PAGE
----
Stay tuned!

Show, Don’t Tell

One of the most-often stated maxims of writing instruction is “Show, don’t tell.”

For example, instead of telling me that a particular culinary repast was delicious, describe it in such terms that I see and taste it in my own imagination and then reach that conclusion on my own. After all, a conclusion reached on one’s own is more real, more lasting that a conclusion that someone else reaches and dictates.

As writing instructors have done for eons, I, too, taught that maxim to my students. I repeated it so often that it reached a point where I never had to complete the statement. As soon as I began to say it, the students dutifully completed my sentence for me. I hope they have remembered to practice it in their writing since that class rather than merely memorizing and reciting it. I think many of them did learn and apply the maxim to their writing.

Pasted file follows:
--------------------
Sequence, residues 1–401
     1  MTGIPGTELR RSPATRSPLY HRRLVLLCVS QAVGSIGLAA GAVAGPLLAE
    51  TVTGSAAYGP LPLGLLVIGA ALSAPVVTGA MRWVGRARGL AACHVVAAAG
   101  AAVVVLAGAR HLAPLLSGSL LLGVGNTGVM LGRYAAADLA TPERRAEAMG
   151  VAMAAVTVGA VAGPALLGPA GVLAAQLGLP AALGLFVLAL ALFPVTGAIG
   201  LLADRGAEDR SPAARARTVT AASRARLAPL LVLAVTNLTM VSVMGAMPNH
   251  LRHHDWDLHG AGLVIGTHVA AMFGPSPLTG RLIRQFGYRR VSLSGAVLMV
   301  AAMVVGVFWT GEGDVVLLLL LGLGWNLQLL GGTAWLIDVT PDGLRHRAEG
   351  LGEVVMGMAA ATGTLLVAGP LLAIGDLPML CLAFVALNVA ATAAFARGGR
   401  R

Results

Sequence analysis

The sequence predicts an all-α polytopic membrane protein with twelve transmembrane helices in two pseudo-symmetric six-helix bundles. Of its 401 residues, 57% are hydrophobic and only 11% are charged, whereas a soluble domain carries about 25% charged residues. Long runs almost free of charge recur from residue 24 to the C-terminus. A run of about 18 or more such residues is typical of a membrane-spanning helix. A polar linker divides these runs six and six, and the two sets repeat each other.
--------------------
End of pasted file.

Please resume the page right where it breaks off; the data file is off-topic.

I recall one particular assignment I gave them as homework that produced a humorous result. The budding writers were to describe something. As the bell rang, indicating the end of class, I reminded them, “Make me see what you saw, hear what you heard, feel what you felt, and even smell what you smelled.” I collected their papers the next class period and went home, settling down in my recliner to read and comment on their papers. As I approached the bottom of the stack of essays, one student’s creation made me laugh aloud. At the bottom of the last page, he had attached a “scratch-and-sniff” sticker.

He showed me!

Theology from the Spring: A Review

Nature itself is a great teacher of theological lessons fore those attuned to notice, as the psalms of David demonstrate. Jacob A. Taggart attempts to do so, too, using as his teaching tool ichthyology, the study of fish. But he limits the scope of his lessons to one particular kind of fish–rainbow trout.